Voters in November will decide whether the technology industry, which has played a central role in pushing the standards movement in U.S. education, will enjoy a $2 billion payday financed by New York taxpayers.

Gov. Andrew Cuomo’s plan, backed by the state Legislature, would let the state borrow $2 billion for technology for classrooms and high-tech security on public school campuses, as well as permanent classrooms for prekindergarten students and those now taught in temporary trailer classrooms.

It’s a use-it-or-lose-it proposition called the Smart Schools Bond Act. School districts already know how much they’ll get, with Yonkers to receive $23 million of the $90 million allocated for schools in Westchester, Putnam and Rockland counties.

The bond act would help bridge the digital divide between those Lower Hudson Valley schools serving children of the rich and poor. In Rockland’s East Ramapo district, none of the classrooms in its 14 schools are served by a wireless network. Setting up such a system would most likely consume most of the $6.1 million East Ramapo would get if the bond passes.

For wealthier districts, like Scarsdale, which has a robust wireless network throughout the district, its allocation will provide funding to burnish its state-of-the art technology system. The district currently provides Chromebook computers for every fourth- and fifth-grader. Each grade level has about 400 students.

E.J. McMahon, president of the Empire Center for New York State Policy, said the bond act — with its spend-now-or-kiss-it-goodbye philosophy — could lead to wasteful spending. Some of the investment, McMahon fears, could be used on technology that becomes obsolete before the bonds are paid off.

“You are pressing money on districts to buy stuff they may not need,” he said. “It’s free money for items that could be a low priority. It’s bound to be inefficient, and uses up the state’s scarce capital borrowing capacity.”

State Sen. David Carlucci, D-New City, said it’s up to voters to decide if they want the state to go into debt to finance the investment in technology.

“It’s another option of additional funding,” he said. “It’s a way to diversify our portfolio for how we fund education.”

Wish lists are already under review. It could be a good year for security camera salesmen.

“We have many cameras, but you find that you can always use more,” said North Rockland Assistant Superintendent Kris Felicello. “No matter how many cameras you have, there are always blind spots.”

Districts continue to scramble to keep pace with growing demands from the technology-driven education system. On the horizon are the Common Core’s statewide tests for grades three to eight which are scheduled to be given online in 2014. But school districts have resisted, telling state education officials they lacked the hardware and bandwidth to do so. Schools officials have been told they’ll need enough machines to test one grade level per building at a time.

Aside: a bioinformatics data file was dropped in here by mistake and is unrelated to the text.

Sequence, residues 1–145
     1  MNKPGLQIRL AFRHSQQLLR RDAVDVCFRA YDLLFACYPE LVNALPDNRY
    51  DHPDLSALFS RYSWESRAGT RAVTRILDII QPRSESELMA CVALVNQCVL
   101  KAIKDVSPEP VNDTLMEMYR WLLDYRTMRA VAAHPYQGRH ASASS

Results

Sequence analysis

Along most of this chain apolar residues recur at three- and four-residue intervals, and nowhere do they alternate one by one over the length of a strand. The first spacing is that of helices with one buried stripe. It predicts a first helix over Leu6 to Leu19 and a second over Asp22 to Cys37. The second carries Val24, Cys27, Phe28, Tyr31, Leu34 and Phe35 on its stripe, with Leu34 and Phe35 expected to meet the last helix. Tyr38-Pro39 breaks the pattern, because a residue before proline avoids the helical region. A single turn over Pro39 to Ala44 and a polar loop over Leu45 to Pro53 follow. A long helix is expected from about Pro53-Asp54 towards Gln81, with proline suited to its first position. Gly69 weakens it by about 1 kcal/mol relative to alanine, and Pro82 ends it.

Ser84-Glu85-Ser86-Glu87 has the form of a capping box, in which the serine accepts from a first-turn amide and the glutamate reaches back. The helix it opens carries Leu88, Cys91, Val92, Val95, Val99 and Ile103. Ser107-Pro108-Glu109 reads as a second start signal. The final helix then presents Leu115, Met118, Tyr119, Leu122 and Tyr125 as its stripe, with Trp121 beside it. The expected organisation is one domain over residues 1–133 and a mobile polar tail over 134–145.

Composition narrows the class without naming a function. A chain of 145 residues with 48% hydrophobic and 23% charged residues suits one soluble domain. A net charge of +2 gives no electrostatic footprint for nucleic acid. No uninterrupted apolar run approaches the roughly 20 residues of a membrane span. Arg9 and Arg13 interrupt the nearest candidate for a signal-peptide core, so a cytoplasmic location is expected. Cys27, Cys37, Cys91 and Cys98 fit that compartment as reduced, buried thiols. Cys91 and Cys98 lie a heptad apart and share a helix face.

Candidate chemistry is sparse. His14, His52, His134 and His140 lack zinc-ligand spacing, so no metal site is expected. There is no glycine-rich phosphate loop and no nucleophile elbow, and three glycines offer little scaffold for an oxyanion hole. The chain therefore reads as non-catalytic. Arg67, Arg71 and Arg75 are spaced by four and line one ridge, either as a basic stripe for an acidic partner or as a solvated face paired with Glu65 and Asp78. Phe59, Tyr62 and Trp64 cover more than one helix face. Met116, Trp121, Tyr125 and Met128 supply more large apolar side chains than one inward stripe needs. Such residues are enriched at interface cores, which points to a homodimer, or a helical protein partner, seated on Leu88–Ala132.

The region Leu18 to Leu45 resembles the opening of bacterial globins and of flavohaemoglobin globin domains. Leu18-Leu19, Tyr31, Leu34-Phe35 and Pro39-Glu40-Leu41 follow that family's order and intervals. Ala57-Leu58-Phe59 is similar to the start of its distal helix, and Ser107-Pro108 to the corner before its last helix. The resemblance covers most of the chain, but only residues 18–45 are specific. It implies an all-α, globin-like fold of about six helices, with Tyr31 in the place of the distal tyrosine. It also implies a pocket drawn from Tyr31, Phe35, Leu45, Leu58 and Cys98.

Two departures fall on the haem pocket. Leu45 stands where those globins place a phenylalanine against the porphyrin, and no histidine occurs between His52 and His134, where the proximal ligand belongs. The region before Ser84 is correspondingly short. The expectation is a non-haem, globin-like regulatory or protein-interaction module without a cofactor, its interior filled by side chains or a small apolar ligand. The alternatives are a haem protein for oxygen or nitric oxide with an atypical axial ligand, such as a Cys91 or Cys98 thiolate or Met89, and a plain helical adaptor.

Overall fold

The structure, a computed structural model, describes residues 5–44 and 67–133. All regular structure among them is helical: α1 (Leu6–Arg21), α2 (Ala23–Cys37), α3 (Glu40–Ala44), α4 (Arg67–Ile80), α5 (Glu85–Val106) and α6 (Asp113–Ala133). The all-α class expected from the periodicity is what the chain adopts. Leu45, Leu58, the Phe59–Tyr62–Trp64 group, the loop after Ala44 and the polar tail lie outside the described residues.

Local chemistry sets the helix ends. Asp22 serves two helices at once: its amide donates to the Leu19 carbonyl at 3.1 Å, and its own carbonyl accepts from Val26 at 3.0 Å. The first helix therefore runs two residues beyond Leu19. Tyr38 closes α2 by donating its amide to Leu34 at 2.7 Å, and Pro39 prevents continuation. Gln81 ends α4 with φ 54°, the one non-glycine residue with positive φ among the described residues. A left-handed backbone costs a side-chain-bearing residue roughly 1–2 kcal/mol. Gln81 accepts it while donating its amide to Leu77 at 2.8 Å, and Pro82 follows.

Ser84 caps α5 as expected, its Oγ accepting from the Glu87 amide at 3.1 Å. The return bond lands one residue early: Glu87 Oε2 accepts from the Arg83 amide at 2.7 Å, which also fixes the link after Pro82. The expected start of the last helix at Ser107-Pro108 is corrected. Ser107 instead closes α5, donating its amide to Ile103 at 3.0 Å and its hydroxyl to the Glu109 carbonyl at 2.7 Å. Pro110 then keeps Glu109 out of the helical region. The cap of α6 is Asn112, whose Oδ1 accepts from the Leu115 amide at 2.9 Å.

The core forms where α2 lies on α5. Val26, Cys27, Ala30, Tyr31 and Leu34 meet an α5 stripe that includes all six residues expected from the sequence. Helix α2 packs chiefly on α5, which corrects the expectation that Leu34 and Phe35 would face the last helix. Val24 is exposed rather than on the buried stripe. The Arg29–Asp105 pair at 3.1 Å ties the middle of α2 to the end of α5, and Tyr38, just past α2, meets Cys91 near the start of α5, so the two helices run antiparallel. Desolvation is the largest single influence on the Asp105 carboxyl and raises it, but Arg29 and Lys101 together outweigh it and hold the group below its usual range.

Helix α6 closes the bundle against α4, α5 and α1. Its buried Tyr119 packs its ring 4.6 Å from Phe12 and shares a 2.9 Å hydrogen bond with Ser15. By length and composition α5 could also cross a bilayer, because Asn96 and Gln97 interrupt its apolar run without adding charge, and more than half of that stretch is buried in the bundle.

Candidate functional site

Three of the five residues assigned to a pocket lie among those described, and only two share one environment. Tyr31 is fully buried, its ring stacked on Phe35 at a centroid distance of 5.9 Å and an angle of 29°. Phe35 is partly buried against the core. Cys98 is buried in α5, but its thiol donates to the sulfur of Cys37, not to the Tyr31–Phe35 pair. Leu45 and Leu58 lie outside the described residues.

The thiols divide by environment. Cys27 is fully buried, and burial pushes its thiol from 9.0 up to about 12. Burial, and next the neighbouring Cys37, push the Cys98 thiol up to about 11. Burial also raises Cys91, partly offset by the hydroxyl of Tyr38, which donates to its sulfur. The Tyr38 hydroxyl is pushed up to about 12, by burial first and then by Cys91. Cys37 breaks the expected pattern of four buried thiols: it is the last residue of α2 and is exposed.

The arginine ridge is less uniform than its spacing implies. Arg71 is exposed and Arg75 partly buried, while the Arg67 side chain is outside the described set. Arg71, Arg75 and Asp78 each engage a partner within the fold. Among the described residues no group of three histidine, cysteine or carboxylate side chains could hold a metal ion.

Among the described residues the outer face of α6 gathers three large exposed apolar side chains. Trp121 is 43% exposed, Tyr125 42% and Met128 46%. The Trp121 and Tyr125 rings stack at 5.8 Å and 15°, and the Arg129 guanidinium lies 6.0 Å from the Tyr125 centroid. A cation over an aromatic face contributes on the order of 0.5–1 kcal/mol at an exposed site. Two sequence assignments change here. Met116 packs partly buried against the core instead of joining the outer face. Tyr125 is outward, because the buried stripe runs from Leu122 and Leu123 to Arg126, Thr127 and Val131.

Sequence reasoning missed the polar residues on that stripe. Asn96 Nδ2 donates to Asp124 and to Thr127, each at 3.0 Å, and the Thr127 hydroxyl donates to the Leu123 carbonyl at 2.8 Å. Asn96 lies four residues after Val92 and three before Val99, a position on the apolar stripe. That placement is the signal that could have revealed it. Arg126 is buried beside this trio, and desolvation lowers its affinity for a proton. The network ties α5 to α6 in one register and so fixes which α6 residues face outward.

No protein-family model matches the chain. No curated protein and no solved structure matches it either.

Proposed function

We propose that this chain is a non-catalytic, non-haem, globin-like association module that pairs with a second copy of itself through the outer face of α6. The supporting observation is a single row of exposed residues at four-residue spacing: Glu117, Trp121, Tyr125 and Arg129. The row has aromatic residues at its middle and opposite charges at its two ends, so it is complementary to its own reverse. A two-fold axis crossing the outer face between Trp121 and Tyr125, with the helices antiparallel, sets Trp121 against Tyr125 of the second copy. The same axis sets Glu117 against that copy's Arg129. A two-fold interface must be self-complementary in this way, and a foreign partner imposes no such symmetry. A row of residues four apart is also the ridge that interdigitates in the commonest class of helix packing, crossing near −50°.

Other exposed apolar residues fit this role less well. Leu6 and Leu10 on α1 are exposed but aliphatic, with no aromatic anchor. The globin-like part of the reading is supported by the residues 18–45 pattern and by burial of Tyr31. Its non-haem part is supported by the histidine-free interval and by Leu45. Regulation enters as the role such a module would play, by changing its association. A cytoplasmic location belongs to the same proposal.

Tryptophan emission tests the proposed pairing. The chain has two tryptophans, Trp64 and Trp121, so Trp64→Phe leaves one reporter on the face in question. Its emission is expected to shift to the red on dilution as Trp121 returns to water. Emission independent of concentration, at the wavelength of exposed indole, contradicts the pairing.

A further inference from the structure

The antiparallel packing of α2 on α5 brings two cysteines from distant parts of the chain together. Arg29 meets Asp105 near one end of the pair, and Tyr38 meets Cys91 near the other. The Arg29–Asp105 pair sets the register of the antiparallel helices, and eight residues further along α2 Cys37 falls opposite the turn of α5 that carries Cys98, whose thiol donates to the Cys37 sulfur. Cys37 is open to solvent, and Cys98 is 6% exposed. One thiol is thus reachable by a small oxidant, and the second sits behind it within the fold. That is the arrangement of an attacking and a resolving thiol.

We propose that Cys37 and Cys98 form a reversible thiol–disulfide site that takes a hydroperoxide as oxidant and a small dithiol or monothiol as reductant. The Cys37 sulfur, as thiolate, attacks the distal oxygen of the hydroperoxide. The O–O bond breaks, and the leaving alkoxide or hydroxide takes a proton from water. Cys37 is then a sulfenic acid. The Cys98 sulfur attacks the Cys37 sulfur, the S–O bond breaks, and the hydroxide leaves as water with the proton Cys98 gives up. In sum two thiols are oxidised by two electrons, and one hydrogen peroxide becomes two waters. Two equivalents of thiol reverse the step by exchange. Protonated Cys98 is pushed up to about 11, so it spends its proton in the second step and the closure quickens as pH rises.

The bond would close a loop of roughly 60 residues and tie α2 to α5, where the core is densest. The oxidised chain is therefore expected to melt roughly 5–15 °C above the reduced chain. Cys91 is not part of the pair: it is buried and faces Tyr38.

In Mahopac, that means 125 devices at each elementary school.

“It’s a moving target — a robust infrastructure, more bandwidth and devices for the students,” said Tracey Shaffer, Mahopac’s director of educational technology. “It sounds like a lot — $3 million — but it will be swallowed up pretty quickly.”

A visit to schools in Yonkers and Scarsdale provided a glimpse at the tech chasm between rich and poor. In Scarsdale, fifth-graders in Trent DeBerry’s classroom gathered on a plush blue carpet before an interactive whiteboard. Each had a wireless Chromebook, the Google-developed device that costs about $250 each. The devices use Google’s Chrome browser but have no operating system for document storage. That’s all done in Google’s cloud storage system.

First DeBerry showed a brief video trailer about the book, “Wonder,” which explores the life of a kid who sticks out but wants to fit in. The video sparked engaging conversation among the students, who then used their devices to learn more about the book online.

“This is their world,” said DeBerry. “They are so intuitive about how to use the technology.”

In Yonkers, students at Lincoln’s Academy of Finance sat by hard-wired desktop computers facing the walls as they learned about how checks worked in the U.S. economic system. An online assessment would let the teacher know if they’d learned the material. It was among the best-equipped rooms in the school.

The 1,200-student high school has three laptop carts that move from classroom to classroom, but two of them have just 20 computers — not quite enough for classrooms that average 30 students. There’s another iPad cart with devices for 25.

Principal Ian Sherman said the school’s wireless network was installed a few years back with routers that lack the capacity to move data with much alacrity. Yonkers stands ready to put the bond act money to good use. Its students are waiting.

“Technology is second nature for this generation,” he said. “These kids are true digital natives.”

© 2014 The Journal News

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